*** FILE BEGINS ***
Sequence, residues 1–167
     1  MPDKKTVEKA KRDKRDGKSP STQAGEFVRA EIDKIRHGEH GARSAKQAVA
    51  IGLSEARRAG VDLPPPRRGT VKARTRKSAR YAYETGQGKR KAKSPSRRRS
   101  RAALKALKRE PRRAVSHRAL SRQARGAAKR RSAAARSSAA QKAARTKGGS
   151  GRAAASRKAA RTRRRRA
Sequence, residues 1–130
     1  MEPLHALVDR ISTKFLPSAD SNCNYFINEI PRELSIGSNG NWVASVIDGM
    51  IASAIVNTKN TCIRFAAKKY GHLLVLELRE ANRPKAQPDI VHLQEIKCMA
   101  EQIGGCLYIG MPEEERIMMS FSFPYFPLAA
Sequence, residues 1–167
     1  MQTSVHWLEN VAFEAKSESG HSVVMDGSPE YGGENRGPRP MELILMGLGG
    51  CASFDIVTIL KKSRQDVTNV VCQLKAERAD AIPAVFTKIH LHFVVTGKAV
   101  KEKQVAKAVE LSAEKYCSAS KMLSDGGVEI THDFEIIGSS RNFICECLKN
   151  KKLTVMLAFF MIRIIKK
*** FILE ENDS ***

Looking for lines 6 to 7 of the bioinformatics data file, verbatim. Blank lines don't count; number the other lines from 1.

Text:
Sequence, residues 1–130
     1  MEPLHALVDR ISTKFLPSAD SNCNYFINEI PRELSIGSNG NWVASVIDGM